• The existence of the alternative online distribution channels results in undertakings to access customers easily. Through online platforms, retailers that have limited investment opportunities can sell their products to customers in various member states. The EU Commission, however, states that this may give rise to problems with regard to the distribution and brand strategies of manufacturers.

Within the context of the E-Commerce Report, the EU Commission monitors the market trends and observes the market. One of the observations is that with the growth of e-commerce, manufacturers have started to sell their products directly through their own online sales channels. In this way, manufacturers compete with their own retailers. Another observation is related to the expansion of selective distribution systems: manufacturers endeavor to better control their distribution networks. Manufacturers aim to have not only more control over their retailers’ distribution qualities, but also their prices. This fact is confirmed by the increase in the usage of selective distribution systems experienced in the last ten years.

Main Competitive Concerns

Selective Distribution Systems

The EU Commission states that pursuant to vertical block exemption regulations, qualitative and quantitative selective distribution systems are applied under certain conditions, and are not considered as hardcore restrictions. The EU Commission does not consider that an amendment is necessary on this issue. However, the EU Commission highlights one point: some manufacturers limit retailers who wish to conduct solely online sales, and oblige sellers to engage in traditional distributorship, as well as online sales. The EU Commission points out that the condition of traditional distribution does not aim to create an increase in the distribution service and, to the contrary, it seeks to exclude those sellers who wish to conduct only online sales. For this reason, the obligations related to the condition of engaging in traditional distribution shall be analyzed more closely in situations where the conditions’ connection with the quality of distributorship or other activities cannot be determined.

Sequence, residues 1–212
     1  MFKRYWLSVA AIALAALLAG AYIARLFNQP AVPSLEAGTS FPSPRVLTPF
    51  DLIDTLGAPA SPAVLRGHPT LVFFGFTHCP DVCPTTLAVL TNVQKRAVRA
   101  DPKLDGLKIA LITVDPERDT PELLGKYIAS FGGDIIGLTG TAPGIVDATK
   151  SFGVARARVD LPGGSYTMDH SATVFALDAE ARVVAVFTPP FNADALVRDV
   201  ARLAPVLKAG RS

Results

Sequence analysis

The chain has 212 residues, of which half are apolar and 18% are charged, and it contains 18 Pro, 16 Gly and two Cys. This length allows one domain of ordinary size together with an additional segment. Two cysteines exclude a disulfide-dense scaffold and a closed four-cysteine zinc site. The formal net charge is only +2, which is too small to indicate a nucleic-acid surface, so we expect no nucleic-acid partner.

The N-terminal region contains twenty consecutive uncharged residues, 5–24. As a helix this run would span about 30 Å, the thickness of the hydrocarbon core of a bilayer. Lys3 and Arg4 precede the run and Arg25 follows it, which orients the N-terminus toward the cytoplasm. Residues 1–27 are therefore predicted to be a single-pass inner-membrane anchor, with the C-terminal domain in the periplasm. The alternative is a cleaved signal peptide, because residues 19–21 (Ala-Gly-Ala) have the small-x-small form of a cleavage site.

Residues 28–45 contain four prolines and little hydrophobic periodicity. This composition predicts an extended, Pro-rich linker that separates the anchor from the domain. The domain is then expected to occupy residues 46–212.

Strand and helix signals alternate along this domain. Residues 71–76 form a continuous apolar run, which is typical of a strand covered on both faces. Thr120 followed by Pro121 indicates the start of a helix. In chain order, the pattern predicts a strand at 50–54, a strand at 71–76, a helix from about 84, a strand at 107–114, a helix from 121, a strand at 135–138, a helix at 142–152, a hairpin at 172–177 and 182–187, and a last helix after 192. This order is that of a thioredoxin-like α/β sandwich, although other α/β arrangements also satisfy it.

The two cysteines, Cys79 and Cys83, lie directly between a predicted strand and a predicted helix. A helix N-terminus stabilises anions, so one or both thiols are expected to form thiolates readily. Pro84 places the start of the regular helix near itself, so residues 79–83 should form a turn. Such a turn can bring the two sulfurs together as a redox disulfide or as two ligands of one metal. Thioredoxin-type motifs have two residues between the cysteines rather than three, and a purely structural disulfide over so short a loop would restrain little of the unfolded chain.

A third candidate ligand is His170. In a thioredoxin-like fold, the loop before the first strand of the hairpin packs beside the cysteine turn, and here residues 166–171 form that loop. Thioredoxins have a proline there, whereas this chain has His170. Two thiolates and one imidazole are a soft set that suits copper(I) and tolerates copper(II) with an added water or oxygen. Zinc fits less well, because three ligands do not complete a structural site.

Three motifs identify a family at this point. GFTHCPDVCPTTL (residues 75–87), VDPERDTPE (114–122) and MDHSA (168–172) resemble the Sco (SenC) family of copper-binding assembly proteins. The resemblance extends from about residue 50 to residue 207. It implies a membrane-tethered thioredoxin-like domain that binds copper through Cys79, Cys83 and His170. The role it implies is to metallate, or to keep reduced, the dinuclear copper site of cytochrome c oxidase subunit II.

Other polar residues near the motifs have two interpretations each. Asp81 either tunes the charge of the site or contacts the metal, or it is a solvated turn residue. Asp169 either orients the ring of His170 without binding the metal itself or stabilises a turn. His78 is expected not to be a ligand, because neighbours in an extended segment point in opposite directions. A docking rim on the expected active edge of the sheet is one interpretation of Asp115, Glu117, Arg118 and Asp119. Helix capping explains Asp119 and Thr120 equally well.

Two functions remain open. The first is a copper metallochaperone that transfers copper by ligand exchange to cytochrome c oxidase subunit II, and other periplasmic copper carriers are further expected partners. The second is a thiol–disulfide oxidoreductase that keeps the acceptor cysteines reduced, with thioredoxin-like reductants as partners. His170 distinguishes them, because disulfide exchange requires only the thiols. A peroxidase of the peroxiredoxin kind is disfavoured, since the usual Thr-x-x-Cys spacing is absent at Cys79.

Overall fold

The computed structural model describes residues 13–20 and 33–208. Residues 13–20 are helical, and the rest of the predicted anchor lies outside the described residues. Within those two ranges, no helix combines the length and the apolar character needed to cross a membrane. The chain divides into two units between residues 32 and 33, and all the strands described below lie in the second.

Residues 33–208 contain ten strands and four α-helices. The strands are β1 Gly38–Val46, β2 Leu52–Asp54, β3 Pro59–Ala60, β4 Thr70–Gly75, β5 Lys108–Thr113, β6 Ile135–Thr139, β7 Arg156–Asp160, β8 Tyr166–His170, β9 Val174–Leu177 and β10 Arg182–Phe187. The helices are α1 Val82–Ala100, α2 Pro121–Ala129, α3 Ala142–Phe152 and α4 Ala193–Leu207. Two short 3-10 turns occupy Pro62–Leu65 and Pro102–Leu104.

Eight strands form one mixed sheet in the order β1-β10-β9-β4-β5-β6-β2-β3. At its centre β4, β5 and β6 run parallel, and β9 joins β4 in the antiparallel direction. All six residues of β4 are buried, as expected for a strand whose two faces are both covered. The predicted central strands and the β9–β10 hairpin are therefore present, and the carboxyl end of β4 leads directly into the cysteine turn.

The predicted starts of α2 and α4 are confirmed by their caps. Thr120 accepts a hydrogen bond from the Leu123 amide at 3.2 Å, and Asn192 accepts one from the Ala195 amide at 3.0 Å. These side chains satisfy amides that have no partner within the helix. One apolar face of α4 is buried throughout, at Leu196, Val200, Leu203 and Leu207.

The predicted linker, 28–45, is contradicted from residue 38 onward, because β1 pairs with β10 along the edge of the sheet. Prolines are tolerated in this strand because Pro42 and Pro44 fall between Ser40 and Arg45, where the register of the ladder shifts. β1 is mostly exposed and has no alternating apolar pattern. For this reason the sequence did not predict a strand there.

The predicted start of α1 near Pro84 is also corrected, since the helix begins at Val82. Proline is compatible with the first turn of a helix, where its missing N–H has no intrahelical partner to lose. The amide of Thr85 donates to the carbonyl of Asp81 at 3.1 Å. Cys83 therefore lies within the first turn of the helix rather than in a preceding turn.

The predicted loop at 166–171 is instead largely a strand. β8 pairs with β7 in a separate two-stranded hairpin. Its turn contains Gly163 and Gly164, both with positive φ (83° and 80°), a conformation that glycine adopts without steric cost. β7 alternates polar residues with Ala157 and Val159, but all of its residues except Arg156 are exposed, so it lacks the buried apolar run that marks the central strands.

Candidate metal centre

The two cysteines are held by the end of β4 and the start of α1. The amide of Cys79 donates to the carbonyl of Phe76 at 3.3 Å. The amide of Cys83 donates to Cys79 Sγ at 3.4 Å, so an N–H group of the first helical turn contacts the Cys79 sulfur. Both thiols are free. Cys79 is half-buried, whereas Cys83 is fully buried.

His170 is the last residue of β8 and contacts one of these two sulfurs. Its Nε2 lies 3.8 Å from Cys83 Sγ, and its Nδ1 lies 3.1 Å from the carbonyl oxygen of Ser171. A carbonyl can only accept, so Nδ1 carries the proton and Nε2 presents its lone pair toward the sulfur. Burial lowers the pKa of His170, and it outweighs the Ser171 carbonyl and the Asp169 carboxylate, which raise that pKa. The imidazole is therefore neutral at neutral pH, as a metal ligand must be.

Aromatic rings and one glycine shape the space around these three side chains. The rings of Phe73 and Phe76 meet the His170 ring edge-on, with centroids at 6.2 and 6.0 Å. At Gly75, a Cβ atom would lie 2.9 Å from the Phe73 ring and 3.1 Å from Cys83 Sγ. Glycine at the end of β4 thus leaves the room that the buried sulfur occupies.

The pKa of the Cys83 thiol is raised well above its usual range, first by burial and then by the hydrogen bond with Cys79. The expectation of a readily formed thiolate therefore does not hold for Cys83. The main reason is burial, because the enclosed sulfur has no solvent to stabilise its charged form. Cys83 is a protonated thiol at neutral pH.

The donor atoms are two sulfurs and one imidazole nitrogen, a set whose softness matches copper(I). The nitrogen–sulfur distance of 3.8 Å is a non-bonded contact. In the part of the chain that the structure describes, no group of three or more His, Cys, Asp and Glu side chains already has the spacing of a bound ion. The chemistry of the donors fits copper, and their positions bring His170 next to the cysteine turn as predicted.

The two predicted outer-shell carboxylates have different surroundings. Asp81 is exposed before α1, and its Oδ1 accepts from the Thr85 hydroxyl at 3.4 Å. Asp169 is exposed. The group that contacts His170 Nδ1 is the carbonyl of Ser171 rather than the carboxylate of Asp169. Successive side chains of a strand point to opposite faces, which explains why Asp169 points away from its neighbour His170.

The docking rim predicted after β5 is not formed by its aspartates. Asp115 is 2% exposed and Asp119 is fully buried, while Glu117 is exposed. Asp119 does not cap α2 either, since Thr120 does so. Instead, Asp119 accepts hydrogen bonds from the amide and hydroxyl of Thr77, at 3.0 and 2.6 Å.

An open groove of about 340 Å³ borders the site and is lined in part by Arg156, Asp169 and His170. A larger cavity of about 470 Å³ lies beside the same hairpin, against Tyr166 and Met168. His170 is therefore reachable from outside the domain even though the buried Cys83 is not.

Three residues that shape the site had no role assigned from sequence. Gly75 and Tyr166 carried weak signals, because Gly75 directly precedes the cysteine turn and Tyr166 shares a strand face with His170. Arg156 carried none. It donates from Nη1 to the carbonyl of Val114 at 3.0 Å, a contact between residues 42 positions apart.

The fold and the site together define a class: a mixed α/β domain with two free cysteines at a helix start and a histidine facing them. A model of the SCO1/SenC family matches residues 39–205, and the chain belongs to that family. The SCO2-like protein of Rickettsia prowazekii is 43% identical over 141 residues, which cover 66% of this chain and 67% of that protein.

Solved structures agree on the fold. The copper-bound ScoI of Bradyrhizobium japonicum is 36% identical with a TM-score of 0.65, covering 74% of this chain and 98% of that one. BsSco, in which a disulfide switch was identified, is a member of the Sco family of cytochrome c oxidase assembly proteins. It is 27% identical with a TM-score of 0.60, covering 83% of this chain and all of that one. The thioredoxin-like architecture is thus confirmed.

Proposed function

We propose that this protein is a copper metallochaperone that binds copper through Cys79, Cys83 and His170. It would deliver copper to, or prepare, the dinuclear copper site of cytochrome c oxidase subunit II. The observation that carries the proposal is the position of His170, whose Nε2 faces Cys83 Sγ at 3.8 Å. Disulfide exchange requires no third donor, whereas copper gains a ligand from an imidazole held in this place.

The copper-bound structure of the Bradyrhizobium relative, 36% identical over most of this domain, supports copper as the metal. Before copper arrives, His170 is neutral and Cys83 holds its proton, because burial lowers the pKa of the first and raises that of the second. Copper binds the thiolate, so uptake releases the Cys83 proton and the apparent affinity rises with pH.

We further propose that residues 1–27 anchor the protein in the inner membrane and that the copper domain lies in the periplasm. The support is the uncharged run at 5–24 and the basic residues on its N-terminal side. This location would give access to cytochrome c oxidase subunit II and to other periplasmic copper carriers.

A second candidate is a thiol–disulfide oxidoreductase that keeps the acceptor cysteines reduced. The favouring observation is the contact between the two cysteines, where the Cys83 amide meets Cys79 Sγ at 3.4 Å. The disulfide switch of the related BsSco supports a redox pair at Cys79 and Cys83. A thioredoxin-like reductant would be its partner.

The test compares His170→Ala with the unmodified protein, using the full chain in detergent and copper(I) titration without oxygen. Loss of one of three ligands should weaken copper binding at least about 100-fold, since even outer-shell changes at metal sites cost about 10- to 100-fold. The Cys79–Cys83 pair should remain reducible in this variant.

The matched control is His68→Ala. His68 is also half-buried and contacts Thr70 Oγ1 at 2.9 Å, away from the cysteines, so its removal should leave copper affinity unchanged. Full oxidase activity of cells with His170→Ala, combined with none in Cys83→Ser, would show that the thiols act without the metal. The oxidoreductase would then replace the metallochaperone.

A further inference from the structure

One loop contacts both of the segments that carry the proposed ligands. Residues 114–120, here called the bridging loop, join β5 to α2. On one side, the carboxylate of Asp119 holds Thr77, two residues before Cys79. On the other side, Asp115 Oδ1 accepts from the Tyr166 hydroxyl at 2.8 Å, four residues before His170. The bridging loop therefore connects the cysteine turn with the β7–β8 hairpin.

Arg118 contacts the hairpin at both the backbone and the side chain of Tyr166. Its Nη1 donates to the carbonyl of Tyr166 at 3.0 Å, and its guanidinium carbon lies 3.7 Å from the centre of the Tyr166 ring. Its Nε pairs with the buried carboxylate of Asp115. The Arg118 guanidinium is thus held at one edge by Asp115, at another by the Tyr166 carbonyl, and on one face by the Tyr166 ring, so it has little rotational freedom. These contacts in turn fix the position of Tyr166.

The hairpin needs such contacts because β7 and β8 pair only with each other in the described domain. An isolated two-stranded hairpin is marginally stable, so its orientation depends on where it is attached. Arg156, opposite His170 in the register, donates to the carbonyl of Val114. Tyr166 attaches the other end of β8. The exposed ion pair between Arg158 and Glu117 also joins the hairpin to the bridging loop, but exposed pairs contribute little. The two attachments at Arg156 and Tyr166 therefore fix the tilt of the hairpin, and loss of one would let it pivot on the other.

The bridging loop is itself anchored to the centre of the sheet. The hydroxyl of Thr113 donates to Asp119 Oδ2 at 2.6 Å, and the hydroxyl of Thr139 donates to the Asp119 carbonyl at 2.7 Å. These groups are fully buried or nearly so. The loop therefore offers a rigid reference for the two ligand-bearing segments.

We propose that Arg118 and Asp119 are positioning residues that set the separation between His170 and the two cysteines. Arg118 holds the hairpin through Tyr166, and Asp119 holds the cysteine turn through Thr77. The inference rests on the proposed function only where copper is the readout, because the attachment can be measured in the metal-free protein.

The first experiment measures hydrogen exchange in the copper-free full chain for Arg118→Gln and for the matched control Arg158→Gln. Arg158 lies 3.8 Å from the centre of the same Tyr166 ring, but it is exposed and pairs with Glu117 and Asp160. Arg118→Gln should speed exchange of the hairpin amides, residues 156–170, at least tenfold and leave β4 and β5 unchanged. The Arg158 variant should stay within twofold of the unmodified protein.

Restrictions as to Online Selling and Online Advertising

Within this context, the most implemented restriction is the price restriction at 42%. After reiterating the prohibition of resale price maintenance, the EU Commission mentions its concerns on this subject. It states that both manufacturers and retailers monitor online prices through various computer programs, thereby easily identifying the deviations from the recommended prices. Furthermore, this price transparency will ease any price collusions in the market.

The EU Commission scrutinized the restrictions particularly related to online platforms. It addresses that manufacturers’ restrictions of online sales give rise to competitive concerns. Although the EU Commission has determined that the majority of the retailers (90%) use their own online stores, it is has also confirmed that the importance of the online platforms will gradually increase. According to the EU Commission, the online platforms are more important for small and medium-sized retailers than for large retailers.